The decision by Football Federation Australia (FFA) to implement a “National Club Identity Policy” has been met with almost universal derision. The move was announced on the eve of the FFA Cup draw, a competition that is supposed to bring new and old together and leave past disputes where they belong, in the past.
This comes just ten days after new restrictive ticketing measures were introduced for A-League matches, another FFA policy that has been met with outrage. So on the back of the implementation of two policies that make the FFA seem out of touch with football fans all over the country, it must be asked- Why must Australian football continuously shoot itself in the foot?
We are in the middle of the greatest World Cup tournament in the recent memory, perhaps even the greatest ever. The Socceroos have just outstripped all expectations and made us all proud with their performances against three strong nations. But instead of building on the momentum football gains from this, the FFA has seemingly decided to do everything in its power to agitate, annoy and offend the game’s existing fans, while minimising the possibility of generating new supporters.
When I wrote last week that there was work to be done, I was hopeful for the future. I was optimistic that we would get things right off the pitch. That for once football would build foundations that lasted a lifetime.
But sadly, that is the case no longer. As I sit here writing this I feel angry and bewildered. I can only imagine how offended fans of clubs around the country must be to be told that their history is not welcome on the national stage. I am genuinely perplexed as to how the FFA can deem this move a positive one. It troubles me that any organisation would develop, contemplate and implement such measures without once considering just how appallingly xenophobic they are.
I am as Anglo as they come. Australian parents for generations and generations, and an English-Irish background before that. But as a kid I remember endlessly pestering my parents to take me to Belmore to watch Sydney Olympic play in the old National Soccer League (NSL). “Hellas, Hellas” the crowd would chant. Not once was I afraid, not once did my parents ever think it was an unsafe environment.
So if I wasn’t afraid of the ‘evils’ of ethnic football clubs, why are the FFA? The Chairman of the FFA is none other than Frank Lowy. That’s the same Frank Lowy who was president of the Hakoah Social Club, which bankrolled NSL club Sydney City Hakoah.
Hang on, what? Lowy’s FFA wants to remove historical ethnic ties that clubs have in their names, colours and logos, but he himself funded a club with the very same ethnic connotations?
The cover picture above shows Hakoah Social Club patron Sydney D. Einfeld, President Frank Lowy and Director Louis Klein, December 9th 1973.
Why does Lowy want to eliminate the ethnic ties from football in Australia when he himself contributed to such associations between ethnicity and clubs? I am flummoxed as to how the FFA has come to this decision.
Sydney City Hakoah eventually went bust and has since been reformed, even qualifying for this year’s FFA Cup. In his biography Frank Lowy said of their demise that he was frustrated because the ASF (Australian Soccer Federation) and NSL leaders did not share his vision for the game. Boy, do we know that feeling!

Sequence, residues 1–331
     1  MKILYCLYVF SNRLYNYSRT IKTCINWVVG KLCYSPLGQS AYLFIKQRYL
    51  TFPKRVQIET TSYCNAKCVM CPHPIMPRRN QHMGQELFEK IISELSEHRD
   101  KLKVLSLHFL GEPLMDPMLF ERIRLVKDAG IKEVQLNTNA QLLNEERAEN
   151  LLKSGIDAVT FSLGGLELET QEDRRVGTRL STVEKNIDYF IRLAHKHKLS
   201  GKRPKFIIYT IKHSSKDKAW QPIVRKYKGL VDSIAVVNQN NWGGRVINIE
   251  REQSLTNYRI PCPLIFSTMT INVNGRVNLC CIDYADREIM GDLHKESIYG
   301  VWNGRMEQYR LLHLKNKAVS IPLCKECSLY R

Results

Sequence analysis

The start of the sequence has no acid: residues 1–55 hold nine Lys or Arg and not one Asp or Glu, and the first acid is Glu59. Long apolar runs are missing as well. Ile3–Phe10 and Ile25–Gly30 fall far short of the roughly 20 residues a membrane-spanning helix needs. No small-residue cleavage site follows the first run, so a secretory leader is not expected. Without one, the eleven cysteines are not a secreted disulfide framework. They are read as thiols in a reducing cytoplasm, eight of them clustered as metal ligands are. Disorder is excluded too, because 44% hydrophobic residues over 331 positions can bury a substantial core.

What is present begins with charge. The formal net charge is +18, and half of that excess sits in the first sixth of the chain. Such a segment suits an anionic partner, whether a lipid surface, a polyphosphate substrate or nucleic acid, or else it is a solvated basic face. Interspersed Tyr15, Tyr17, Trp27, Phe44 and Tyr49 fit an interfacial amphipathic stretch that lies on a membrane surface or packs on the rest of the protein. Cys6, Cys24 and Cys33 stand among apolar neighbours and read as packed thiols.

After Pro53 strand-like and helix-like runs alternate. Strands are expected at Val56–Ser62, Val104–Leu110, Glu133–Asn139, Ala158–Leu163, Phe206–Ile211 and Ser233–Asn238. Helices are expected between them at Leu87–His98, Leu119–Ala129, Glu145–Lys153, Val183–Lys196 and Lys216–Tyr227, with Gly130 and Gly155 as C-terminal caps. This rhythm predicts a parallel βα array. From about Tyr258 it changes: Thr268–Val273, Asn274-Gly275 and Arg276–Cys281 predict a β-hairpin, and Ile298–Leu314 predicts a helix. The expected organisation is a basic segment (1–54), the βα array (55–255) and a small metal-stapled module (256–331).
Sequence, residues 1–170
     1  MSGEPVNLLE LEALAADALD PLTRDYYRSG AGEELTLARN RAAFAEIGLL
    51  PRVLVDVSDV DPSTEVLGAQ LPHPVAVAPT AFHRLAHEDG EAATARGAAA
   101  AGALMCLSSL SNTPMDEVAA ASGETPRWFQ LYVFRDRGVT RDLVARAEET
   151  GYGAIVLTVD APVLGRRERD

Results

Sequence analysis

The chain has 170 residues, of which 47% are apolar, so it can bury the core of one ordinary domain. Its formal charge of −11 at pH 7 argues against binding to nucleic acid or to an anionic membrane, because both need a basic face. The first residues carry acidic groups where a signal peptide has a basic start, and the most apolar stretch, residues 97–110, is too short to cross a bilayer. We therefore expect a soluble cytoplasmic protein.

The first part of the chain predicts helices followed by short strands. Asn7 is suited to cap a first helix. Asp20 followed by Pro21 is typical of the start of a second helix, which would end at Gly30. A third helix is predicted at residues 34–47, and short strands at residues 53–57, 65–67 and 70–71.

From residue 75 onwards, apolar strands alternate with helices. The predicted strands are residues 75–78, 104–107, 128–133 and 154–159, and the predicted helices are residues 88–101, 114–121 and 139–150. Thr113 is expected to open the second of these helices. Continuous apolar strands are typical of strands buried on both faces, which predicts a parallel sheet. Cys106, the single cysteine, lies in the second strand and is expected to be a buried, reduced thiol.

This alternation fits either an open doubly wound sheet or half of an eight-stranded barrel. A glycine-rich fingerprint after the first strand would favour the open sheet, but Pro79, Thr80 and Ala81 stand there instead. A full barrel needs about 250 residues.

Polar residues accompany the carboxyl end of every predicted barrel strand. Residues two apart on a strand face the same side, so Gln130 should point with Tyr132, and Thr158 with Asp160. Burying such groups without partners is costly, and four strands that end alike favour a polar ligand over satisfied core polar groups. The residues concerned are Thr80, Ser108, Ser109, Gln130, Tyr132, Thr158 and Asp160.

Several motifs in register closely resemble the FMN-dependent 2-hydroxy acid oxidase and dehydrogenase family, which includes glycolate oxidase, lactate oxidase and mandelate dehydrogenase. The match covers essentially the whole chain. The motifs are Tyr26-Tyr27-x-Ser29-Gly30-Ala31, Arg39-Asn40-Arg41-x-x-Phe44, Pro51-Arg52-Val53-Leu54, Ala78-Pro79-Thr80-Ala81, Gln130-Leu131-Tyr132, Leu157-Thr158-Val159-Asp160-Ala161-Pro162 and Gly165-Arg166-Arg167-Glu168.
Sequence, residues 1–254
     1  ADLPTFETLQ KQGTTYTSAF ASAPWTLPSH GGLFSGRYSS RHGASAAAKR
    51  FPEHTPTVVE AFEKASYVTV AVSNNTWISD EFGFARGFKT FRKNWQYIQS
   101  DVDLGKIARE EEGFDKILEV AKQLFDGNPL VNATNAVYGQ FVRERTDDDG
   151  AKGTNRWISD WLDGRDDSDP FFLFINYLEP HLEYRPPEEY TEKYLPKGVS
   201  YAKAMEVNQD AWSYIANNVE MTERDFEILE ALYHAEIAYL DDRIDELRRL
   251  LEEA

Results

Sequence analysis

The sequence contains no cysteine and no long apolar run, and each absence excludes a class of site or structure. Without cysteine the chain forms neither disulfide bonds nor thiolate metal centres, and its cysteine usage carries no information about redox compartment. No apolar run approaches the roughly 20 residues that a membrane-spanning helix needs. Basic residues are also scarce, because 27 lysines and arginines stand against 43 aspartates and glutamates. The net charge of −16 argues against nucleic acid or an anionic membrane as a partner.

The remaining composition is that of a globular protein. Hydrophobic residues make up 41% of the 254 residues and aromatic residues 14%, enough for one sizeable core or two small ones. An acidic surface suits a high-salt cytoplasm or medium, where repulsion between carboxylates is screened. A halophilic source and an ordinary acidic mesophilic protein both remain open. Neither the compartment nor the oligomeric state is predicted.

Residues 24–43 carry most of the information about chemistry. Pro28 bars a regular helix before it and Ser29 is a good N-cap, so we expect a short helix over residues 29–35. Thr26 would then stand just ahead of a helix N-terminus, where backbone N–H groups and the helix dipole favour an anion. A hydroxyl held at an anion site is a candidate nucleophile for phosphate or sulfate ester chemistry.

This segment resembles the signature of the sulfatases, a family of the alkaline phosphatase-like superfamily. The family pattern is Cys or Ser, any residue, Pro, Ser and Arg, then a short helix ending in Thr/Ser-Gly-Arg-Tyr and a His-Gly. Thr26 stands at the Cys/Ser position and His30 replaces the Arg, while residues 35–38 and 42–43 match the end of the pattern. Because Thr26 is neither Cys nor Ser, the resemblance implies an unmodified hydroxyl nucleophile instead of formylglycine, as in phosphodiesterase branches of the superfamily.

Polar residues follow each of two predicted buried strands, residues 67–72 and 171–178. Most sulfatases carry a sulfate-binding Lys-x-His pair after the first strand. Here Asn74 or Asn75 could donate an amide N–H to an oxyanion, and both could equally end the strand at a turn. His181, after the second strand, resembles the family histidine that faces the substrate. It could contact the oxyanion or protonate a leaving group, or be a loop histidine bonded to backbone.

I wonder what those who have reached the pinnacle of Australian football think about this move? What would the current Socceroos make of this decision? Well you could ask those with a Croatian background- captain Mile Jedinak, Ivan Franjic, Eugene Galekovic, Oliver Bozanic, Dario Vidosic and Matthew Spiranovic. I’m not sure they’ll be fans. What about Jason Davidson? His grandmother is Japanese and his mother is of Greek heritage. That’s far too ethnic for the FFA.
What about ex Socceroos? Mark Schwarzer’s parents emigrated from Germany, Mark Viduka’s father moved here from Croatia in the 1960’s. Again, this appears far too ethnic to be palatable for the FFA.
If the FFA doesn’t embrace our varied cultural backgrounds we are in danger of losing potential Socceroos to other countries. How would Tomislav Mrčela, Steven Ugarkovic and Mustafa Amini feel about playing for a country when the governing body has made it clear that their ethnicity isn’t welcome?
What about Socceroos coach Ange Postecoglou? Does the Greek born former South Melbourne coach find it offensive? I’d be shocked if he didn’t.
Article 1 of the International Convention on the Elimination of All Forms of Racial Discrimination (ICERD) states that “the term ‘racial discrimination’ shall mean any distinction, exclusion, restriction or preference based on race, colour, or national or ethnic origin which has the purpose or effect of nullifying or impairing the recognition, enjoyment or exercise, on an equal footing, of human rights and fundamental freedoms in the political, economic, social, cultural or any other field of public life.”
That is the definition of racism provided on the Australian Human Rights Commission website. I’ll let you be the judge.
These restrictions are at the very least offensive and xenophobic, and there is no need for them. The FFA Cup was supposed to heal old wounds so it’s a shame that it’s just opened new ones instead.
But I urge you not to boycott or ignore the FFA Cup but to embrace it whole-heartedly. This a time to truly celebrate our footballing culture and these historic clubs deserve their moment to shine. Don’t take that away from them, that’s exactly what the FFA wants judging by their recent decisions.